Real Madrid’s 5 Greatest Modern El Clasico Moments
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Vladimir Rys Photography/Getty Images
Real Madrid host Barcelona on Sunday in what is likely to be a frantic and tense El Clasico, with Los Blancos top of the table in La Liga and needing only to keep Barca at bay to tighten their grip on the title.
Sealing the victory and moving another step toward winning the league would be a fantastic milestone for Zinedine Zidane’s team, made all the more poignant by the fact it’s El Clasico—but where would it rank among their finest moments in the fixture’s history?
We’ve taken a look through all the best recent occasions from a Madrid perspective and come up with five moments the fans, and indeed players from those eras, might love to recall over and over.
They may even be set to write a new chapter this weekend.
5. Bale’s Copa del Rey Afterburners, 2014
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There haven’t been too many direct instances where a Clasico fixture pertains to silverware being immediately handed out, but the Copa del Rey has provided two finals between the sides since the turn of the century.
In 2011, Cristiano Ronaldo netted an extra-time winner for Real, but we start three years later: 2014, a 2-1 victory for Real and the winner coming just five minutes from full time.
Angel Di Maria had given Madrid an early lead, and they were good value for the win for much of the match until a most un-Barcelona-like equaliser came off a corner, via the head of Marc Bartra. That came with only 20 minutes left and looked like forcing extra time once more, until the intervention of a certain Gareth Bale.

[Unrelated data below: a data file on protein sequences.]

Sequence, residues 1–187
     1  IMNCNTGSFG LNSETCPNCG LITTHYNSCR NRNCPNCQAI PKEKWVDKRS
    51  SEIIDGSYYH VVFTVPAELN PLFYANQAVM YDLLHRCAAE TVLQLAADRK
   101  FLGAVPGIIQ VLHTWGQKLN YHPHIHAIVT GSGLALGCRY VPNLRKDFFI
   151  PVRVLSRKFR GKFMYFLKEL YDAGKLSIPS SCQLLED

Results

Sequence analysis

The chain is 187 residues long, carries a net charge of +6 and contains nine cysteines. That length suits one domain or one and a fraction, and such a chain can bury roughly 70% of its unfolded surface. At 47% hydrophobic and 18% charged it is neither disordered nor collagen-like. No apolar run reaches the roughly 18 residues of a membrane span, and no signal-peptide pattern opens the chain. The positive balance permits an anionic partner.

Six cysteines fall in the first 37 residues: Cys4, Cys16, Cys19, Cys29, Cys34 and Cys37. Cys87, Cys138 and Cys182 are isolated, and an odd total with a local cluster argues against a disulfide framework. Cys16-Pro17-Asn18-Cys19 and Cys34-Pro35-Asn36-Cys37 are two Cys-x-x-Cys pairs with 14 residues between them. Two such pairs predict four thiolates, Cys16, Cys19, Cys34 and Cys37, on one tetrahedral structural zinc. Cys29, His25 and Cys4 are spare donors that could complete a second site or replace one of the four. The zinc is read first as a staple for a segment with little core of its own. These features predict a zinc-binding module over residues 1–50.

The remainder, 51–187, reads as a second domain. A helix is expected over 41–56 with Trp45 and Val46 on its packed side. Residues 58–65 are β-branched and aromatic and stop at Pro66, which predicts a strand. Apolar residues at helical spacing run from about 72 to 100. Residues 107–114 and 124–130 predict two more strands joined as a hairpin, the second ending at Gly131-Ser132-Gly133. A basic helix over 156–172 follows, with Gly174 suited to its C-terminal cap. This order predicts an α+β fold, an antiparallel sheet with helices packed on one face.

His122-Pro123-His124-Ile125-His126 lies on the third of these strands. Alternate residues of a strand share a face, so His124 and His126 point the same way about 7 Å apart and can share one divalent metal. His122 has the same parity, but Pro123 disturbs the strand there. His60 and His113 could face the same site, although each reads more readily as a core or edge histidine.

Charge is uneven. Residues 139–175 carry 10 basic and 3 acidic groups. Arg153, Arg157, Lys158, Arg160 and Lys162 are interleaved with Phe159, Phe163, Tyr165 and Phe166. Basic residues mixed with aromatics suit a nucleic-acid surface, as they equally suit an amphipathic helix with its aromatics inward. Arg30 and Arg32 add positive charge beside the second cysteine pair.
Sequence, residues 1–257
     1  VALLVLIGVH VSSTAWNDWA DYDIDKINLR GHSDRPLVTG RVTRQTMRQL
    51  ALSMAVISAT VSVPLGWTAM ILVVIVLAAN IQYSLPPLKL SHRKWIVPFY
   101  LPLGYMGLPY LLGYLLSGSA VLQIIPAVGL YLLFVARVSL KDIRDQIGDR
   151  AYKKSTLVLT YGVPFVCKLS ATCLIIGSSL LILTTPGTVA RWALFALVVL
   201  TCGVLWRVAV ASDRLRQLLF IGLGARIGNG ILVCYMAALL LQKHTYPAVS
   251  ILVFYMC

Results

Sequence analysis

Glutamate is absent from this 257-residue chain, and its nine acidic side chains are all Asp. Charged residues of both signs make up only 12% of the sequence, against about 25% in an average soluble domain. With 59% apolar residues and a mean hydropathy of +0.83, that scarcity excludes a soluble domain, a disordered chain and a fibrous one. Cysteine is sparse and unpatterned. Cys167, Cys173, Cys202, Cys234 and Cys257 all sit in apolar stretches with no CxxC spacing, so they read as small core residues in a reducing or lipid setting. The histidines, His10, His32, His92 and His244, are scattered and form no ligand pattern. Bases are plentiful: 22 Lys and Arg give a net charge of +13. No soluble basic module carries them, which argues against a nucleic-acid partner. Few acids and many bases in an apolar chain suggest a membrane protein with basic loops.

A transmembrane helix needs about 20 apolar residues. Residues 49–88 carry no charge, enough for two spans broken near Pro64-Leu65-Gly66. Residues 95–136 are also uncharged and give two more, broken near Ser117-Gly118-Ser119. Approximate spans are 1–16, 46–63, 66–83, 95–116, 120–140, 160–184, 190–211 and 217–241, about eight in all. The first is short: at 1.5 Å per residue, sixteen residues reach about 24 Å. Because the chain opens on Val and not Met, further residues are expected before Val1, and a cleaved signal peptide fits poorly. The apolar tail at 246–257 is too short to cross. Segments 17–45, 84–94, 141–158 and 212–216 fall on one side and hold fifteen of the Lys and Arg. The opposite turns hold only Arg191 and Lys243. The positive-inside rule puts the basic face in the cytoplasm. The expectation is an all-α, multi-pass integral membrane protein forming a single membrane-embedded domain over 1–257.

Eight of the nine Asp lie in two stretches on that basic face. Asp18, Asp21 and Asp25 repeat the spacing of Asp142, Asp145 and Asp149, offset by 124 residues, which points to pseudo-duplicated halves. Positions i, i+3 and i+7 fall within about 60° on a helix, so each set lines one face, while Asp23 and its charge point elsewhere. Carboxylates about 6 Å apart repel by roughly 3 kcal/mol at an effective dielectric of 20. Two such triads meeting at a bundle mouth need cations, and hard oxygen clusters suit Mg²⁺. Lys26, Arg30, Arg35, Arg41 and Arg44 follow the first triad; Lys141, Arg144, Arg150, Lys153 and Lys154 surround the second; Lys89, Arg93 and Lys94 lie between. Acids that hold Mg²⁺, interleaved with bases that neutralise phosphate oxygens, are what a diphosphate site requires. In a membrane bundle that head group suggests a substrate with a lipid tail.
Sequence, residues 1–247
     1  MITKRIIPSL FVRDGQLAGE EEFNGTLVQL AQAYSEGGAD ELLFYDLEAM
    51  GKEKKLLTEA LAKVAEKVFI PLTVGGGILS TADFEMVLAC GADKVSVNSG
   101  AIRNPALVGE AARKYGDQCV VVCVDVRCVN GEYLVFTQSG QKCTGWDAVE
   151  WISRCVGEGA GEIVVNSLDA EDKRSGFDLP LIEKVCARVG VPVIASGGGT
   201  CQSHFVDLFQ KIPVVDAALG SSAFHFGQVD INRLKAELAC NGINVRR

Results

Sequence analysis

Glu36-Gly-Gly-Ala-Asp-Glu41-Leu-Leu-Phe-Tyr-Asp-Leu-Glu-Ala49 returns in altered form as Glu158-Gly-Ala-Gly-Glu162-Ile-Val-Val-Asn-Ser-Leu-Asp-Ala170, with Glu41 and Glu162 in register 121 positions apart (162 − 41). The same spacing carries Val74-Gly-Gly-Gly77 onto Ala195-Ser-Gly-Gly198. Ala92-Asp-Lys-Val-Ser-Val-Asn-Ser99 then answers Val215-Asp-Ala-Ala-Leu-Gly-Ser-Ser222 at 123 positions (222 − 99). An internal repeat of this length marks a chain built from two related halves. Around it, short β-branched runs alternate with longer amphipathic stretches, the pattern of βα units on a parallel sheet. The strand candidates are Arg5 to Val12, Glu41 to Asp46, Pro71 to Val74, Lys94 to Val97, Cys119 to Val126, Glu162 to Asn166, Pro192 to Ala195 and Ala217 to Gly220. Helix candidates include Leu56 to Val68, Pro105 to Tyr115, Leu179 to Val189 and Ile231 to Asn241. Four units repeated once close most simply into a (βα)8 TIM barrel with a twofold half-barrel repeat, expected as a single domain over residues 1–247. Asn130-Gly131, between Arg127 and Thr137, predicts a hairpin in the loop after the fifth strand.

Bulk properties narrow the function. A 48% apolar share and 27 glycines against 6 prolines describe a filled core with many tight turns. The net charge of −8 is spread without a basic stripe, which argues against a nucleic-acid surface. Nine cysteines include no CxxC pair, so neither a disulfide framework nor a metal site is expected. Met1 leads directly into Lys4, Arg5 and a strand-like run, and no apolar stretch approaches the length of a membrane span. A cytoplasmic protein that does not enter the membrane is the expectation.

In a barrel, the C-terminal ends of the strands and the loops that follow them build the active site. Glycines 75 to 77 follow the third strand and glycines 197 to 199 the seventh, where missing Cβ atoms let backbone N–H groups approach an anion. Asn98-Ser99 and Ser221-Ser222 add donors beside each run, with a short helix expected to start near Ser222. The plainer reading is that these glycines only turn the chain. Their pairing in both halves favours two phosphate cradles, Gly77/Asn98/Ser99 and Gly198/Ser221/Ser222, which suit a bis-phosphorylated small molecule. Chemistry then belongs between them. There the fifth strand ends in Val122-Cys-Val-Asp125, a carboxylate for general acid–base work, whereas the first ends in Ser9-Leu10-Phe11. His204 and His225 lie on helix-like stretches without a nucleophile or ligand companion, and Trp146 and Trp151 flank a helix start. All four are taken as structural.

Usually, players might be getting tired around the 85th minute—particularly wide or midfield runners who are thinking of not losing late on, conserving energy for an additional 30 minutes or being disciplined positionally.
But that doesn’t apply to elite match-winners. Not Bale.
Taking possession on the halfway line, the Welshman took a single touch to unleash his explosive pace, surge down the wing, cut in and win the trophy all by himself in the blink of an eye. Five seconds earlier there appeared no danger; five seconds later and the cup was Madrid’s.
4. Manita in La Liga, 1995
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Everyone in Spain loves a manita, a five-goal win that leaves the opposition humiliated, beaten and broken—particularly when it’s a big rival.
Real Madrid have been on the wrong end of a few in El Clasico, but they have dished it out more than once, too, with the most recent and memorable one coming back in 1995 on home soil.